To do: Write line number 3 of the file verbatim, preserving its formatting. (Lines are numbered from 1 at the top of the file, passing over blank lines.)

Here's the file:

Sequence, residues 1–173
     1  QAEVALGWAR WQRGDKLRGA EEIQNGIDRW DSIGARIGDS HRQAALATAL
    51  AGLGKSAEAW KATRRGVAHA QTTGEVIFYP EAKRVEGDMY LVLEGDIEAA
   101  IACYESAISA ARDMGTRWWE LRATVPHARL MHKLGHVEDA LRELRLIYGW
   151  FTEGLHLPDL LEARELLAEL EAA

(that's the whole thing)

    51  AGLGKSAEAW KATRRGVAHA QTTGEVIFYP EAKRVEGDMY LVLEGDIEAA